In Bhutan, Gross National Happiness Trumps Gross National Product

This secluded Buddhist kingdom uses a unique barometer to measure economic progress. And the message of the 2015 Gross National Happiness Index is a troubling one: Money isn’t buying enough contentment. Tucked high in the Himalayas between India and China, Bhutan was poor and largely closed to foreigners when its fourth king declared, in the 1970s, that “gross national happiness” was more important than gross domestic product, or GDP.

So Bhutan’s happiness surveyors think it’s worth asking a few questions. Among them:

“How much do you trust your neighbours?” “Is lying justifiable?” “Do you feel like a stranger in your family?”   The index also surveys knowledge of artisan skills such as embroidery, carpentry and papermaking.

If “we are increasing in richness but we’re not doing so well overall in well-being, and people are not as content, then something definitely is wrong,” Prime Minister Tshering Tobgay said in this serene capital, 7,700 feet above sea level.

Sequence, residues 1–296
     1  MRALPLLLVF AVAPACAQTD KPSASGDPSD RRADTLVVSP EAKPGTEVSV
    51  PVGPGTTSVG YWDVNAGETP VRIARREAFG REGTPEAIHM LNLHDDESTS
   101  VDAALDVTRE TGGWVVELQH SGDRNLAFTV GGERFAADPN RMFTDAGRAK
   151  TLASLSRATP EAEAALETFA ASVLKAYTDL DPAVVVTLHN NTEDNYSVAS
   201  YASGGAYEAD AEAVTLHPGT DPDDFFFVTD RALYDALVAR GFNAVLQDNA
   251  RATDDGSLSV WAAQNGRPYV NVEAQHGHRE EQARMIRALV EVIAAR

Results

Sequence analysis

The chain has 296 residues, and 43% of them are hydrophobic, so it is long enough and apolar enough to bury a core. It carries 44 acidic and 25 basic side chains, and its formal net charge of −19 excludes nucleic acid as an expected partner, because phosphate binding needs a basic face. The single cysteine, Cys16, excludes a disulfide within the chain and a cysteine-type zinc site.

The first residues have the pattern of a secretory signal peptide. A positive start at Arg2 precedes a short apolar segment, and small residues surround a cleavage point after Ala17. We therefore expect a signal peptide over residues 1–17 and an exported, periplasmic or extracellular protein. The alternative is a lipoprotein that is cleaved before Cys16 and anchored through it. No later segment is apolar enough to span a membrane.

Bhutan, population 750,000, still feels like a place out of time. Traditional architecture and dress prevail: Men wear knee-length robes, tied at the waist, with over-the-calf socks. An early-morning prayer session is among the state-run television network’s most popular programs. The fourth monarch’s pronouncements about national happiness were only pronouncements until 2010, when Bhutan computed its first happiness index. By then, he had abdicated the Golden Throne and his son and successor, Jigme Khesar Namgyel Wangchuck, presided over the country’s transition to a parliamentary democracy.

In the meantime, his philosophy inspired others around the globe. In 2008, France’s then-president, Nicolas Sarkozy, commissioned an influential study of alternative gauges of economic welfare. The U.K. started a “Measuring National Well-Being” program in 2010, and U.S. cities like Santa Monica, Calif., have followed suit. The U.N. just released its third World Happiness Report, created in response to a 2011 proposal by Bhutan.  Yet none of those efforts to measure national morale are quite like Bhutan’s. For Further reading



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